The Migration Path to MicroTCA
MicroTCA looks to VME, CompactPCI and AdvancedTCA for potential converts to the emerging standard.
MARK LOWDERMILK, EMBEDDED PLANET
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MicroTCA packs a lot of punch in a small form factor that is supported by the powerful processor boards available coupled with multiple high-speed fabric options including XAUI, sRIO, GbE and PCIe. The primary selling points for MicroTCA are impressive: an affordable next-generation computing architecture, high communications bandwidth, the latest multicore processors, support for redundancy and high availability—all in a small system footprint that is extremely scalable. But as with any emerging standard, adoption by its target markets is the ultimate measure of an architecture’s success.
In the case of MicroTCA, several markets stand squarely in its crosshairs: the telecom market with a focus on network and wireless communications equipment; test and measurement, including communications test and high-speed manufacturing inspection equipment; and the increasingly communication-centric Mil/Aerospace market. Additional potential markets include medical imaging, industrial controls and the physics research community. MicroTCA addresses the trend toward open standards, takes advantage of multicore processor capabilities, and is configurable to easily allow tailored solutions across many applications and markets (Figure 1).
EP4080A Freescale 8core processor in and Advanced Mezzanine Card form factor.
Within these markets, MicroTCA is hoping to attract interest from CompactPCI, VME and VPX users looking for a next generation architecture that can deliver the increased performance of double the transfer rates, scalability and longevity these architectures lack, as well as from AdvancedTCA adherents that are looking for a less expensive—yet still robust—feature set in a much smaller footprint. There are trade-offs in terms of capacity, size and cost to consider. In addition, MicroTCA has the hot-swappable feature these other systems lack. OEMs who move to MicroTCA are going to do so because it is a next generation architecture that delivers increased performance in a very small package.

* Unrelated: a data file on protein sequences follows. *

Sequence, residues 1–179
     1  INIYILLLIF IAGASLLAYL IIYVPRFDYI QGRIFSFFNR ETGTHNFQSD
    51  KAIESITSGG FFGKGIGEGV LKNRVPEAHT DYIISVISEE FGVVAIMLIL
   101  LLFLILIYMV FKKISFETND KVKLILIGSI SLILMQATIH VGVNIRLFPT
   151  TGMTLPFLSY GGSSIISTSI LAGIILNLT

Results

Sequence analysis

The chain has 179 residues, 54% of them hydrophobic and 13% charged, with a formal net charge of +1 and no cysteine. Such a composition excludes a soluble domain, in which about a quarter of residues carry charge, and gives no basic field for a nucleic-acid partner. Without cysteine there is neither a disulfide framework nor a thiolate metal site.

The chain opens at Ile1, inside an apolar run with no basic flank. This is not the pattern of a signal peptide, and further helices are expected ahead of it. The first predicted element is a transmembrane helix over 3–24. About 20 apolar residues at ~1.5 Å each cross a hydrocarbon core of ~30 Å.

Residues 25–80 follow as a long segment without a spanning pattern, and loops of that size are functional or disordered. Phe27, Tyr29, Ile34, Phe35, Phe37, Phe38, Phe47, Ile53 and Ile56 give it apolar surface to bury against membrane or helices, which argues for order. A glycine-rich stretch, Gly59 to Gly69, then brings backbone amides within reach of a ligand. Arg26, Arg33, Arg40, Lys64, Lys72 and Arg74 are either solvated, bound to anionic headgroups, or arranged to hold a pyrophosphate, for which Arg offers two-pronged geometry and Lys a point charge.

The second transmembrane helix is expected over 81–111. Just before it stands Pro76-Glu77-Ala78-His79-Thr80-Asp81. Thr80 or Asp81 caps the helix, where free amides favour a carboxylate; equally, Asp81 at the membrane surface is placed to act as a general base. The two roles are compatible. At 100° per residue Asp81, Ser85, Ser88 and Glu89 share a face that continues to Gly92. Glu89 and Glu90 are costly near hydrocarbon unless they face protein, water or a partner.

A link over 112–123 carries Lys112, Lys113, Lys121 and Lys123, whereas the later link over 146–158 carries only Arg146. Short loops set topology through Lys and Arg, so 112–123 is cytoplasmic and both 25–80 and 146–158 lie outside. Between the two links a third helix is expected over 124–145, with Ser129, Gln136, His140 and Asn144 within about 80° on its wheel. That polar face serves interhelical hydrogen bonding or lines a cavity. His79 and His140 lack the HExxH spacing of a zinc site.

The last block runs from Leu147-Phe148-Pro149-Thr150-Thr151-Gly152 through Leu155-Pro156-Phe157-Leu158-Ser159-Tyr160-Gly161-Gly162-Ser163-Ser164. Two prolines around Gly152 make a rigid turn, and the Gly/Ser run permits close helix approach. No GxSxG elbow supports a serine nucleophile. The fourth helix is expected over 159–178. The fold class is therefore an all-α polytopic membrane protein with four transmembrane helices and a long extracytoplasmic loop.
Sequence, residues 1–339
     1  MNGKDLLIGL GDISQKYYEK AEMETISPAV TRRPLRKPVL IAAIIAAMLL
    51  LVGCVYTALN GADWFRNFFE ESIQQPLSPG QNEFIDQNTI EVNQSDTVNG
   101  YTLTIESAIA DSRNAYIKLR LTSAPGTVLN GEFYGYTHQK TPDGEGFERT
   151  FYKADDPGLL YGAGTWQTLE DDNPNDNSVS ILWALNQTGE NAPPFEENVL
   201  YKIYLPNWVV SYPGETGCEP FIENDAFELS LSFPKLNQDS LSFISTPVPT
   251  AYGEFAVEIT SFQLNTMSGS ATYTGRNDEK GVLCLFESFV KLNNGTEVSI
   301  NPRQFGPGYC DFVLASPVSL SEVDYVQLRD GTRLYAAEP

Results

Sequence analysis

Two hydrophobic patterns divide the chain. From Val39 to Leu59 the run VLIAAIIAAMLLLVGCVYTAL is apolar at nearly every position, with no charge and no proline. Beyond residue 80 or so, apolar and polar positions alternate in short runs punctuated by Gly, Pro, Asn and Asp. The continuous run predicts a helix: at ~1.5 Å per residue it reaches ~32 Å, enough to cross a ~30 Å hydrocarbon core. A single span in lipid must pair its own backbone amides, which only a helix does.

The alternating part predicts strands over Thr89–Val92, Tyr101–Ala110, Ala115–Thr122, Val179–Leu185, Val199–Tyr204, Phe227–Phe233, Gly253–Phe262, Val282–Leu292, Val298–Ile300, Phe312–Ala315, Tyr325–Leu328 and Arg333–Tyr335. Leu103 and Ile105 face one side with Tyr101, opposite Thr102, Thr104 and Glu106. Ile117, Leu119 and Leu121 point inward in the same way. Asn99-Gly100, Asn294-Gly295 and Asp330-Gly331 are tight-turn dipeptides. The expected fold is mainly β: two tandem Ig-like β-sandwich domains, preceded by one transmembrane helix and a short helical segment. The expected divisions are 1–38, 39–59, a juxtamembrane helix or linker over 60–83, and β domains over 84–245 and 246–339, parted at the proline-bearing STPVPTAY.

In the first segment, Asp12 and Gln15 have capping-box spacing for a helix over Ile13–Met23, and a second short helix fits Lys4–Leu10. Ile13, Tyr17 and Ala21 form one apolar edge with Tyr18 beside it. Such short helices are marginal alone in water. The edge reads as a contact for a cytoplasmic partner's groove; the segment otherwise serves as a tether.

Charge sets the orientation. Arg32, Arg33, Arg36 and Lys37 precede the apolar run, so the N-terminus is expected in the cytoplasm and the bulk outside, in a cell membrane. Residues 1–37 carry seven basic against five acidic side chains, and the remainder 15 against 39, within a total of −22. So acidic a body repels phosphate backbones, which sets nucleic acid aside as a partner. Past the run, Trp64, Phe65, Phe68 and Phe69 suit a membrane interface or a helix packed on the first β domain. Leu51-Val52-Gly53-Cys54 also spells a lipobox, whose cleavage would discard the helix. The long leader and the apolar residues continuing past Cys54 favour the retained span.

Although MicroTCA was introduced by the PCI Industrial Computer Manufacturers Group (PICMG) in 2006, there are already over 50 companies worldwide offering Advanced Mezzanine Card (AMC) modules for the standard. This can be attributed to the fact that MicroTCA utilizes the same AMC cards as another PICMG effort—AdvancedTCA—which started in 2002.
MicroTCA is gaining traction quickly because it is an offshoot of AdvancedTCA. There is an overlap of the ecosystems in that regard, and as a result, both architectures benefit. As a market, telecommunications demands the maximum bandwidth and transfer rates possible. Other markets such as industrial controls do not require the capacity of a full-blown ATCA system, but can still benefit for the economies of scale and functionality of Advanced Mezzanine Cards (Figure 2).
SFP module in an Advanced Mezzanine Card form factor.
The Move from AdvancedTCA
Perhaps the most logical migration path to MicroTCA lies with AdvancedTCA users looking for a lower cost solution and a smaller footprint. The original intent of AdvancedTCA was to meet the requirements of the next generation of “carrier grade” wired and wireless networking and telecommunications equipment such as media gateways, video transcoders and IPTV. As a result, AdvancedTCA was created to deliver massive processing and bandwidth with high availability and built-in redundancy.
For many applications, AdvancedTCA may be overkill and the final solution is usually quite large. For those that prefer AdvancedTCA’s features but don’t want to invest in unnecessary functions, and are looking for a smaller footprint, MicroTCA is a natural choice. For example, a physics application demands more computational capacity as opposed to a wireless base station application needing a feature set of redundancy and a high throughput rate. With communication bandwidth capabilities in the range of 40 Gbit/s to over 1 Tbit/s, MicroTCA has more than enough bandwidth for most demanding applications.